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  1. 1. To order additional copies ofthis sourcebook, please call:Offfice of Industrial TechnologiesInformation Clearinghouse800-862-2086Co-sponsored by:Council of Industrial Boiler OwnersCouncil of Industrial Boiler Operators6035 Burke Centre Parkway, Suite 360 ImprovingBurke, VA 22015 Steam SystemNational Insulation Association99 Canal Center Plaza, Suite 222 PerformanceAlexandria, VA 22314 a sourcebook for industryNorth American Insulation ManufacturersAssociation44 Canal Center Plaza, Suite 310Alexandria, VA 22314Office of Industrial TechnologiesEnergy Efficiency and Renewable EnergyU.S. Department of EnergyWashington, D.C. 20585 One of a series of industrial energy efficiency sourcebooks NT OF ME EN RT Office of Industrial Technologies A ER DEP GY Energy Efficiency and Renewable Energy ICA U N ITDOE/GO-102002-1557 ER U.S. Department of Energy ED M ST A AT E S OFJune 2002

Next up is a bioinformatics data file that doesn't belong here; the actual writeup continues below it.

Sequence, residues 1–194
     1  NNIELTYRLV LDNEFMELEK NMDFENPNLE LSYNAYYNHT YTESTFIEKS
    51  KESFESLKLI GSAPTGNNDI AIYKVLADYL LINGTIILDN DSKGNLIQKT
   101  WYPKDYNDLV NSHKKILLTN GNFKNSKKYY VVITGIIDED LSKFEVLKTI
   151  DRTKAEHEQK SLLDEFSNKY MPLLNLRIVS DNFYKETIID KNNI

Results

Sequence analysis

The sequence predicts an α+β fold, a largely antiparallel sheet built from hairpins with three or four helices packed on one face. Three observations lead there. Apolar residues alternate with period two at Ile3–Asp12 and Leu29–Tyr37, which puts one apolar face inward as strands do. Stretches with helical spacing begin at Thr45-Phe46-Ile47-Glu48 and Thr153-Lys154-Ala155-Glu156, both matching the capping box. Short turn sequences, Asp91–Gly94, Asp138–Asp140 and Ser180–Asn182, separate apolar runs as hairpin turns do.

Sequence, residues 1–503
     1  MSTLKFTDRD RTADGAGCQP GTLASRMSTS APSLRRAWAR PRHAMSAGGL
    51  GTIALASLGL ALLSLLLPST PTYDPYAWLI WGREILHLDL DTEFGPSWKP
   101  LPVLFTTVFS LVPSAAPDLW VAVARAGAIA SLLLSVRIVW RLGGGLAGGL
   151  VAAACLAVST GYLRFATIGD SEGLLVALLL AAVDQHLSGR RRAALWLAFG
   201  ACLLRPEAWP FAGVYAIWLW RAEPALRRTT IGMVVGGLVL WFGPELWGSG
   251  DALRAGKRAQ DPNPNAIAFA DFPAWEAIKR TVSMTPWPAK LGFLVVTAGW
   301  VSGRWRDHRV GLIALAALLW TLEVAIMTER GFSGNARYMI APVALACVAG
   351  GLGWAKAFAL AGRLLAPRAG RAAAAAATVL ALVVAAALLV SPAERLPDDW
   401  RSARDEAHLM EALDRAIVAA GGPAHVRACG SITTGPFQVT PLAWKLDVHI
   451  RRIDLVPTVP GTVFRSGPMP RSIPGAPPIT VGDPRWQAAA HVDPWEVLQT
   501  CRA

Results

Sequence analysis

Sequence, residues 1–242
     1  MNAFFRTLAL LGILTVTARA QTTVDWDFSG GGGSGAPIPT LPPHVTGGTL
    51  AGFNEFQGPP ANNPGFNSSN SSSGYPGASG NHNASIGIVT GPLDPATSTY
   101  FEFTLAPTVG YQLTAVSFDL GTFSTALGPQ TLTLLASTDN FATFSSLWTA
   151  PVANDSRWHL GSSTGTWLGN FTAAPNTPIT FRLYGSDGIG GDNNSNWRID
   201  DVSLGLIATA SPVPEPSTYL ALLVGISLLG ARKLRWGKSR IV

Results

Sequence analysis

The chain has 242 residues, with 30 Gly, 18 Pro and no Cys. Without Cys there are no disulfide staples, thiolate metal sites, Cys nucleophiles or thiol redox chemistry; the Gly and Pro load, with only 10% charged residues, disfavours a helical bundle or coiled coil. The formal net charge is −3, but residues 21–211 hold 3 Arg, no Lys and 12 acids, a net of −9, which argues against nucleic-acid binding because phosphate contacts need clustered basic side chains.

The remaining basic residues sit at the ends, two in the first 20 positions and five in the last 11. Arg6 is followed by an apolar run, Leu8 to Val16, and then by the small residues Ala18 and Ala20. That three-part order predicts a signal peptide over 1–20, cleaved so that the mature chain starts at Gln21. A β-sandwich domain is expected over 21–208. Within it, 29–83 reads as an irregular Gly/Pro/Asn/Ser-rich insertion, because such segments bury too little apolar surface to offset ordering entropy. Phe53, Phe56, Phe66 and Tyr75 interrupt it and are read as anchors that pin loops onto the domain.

2. 2. Acknowledgements Improving Steam System Performance: A Sourcebook for Industry is a development of the BestPractices Program under the U. S. Department of Energy’s Office of Industrial Technologies (OIT). BestPractices undertook this project as a series of sourcebook publications. Other topics in this series include: compressed air systems, pumping systems, fan systems, and motor and drive systems. For more information about DOE’s BestPractices, see OIT and BestPractices in the the Programs, Contacts, and Resources section in this publication. OIT, Lawrence Berkeley National Laboratory, and Resource Dynamics Corporation wish to thank the staff at the many organizations that so generously assisted in the collection of data for this Sourcebook. The Alliance to Save Energy, the Council of Industrial Boiler Operators, the National Insulation Association, and the North American Insulation Manufacturers Association provided valuable assistance in developing, compiling, and reviewing this publication. The BestPractices Steam program appreciates the participation of the Steam Technical Subcommittee. Special thanks are extended to its co-chairs, Dr. Anthony Wright, Oak Ridge National Laboratory, and Glenn Hahn, Spirax Sarco, an Allied Partner, for providing extensive technical guidance and review throughout the preparation of this publication. The efforts of these program and committee participants are greatly appreciated. Additionally, the contributions of the following participants are appreciated for their review of and suggestions for this Sourcebook: Deborah Bloom, ONDEO-Nalco Sean Casten, Turbosteam Corporation Bruce Gorelick, Enercheck Systems Robert Griffin, Enbridge Consumers Gas, Canada Dr. Greg Harrell, Energy, Environment and Resources Center, University of Tennessee-Knoxville Thomas Henry, Armstrong Service Carroll Hooper, Steam Solutions, Inc. James Kumana, Kumana and Associates Andrew W. Larkin, Trigen Energy Corporation Lloyd Mason, Condensate Return Specialists Gil McCoy, Office of Industrial Technologies Clearinghouse Kelly Paffel, Plant Support and Evaluations, Inc. W. Randall Rawson, American Boiler Manufacturers Association Douglas Riley, Millennium Chemical Thomas Scheetz, BASF John Todd, Yarway Corporation Prepared for: The United States Department of Energy Office of Industrial Technologies Prepared by: Lawrence Berkeley National Laboratory Washington, DC Resource Dynamics Corporation Vienna, VA Cover photo credit: NREL/PIX 05559. The Leathers geothermal power plant located in the Salton Sea, California. Photo by Warren Gretz.i Improving Steam System Performance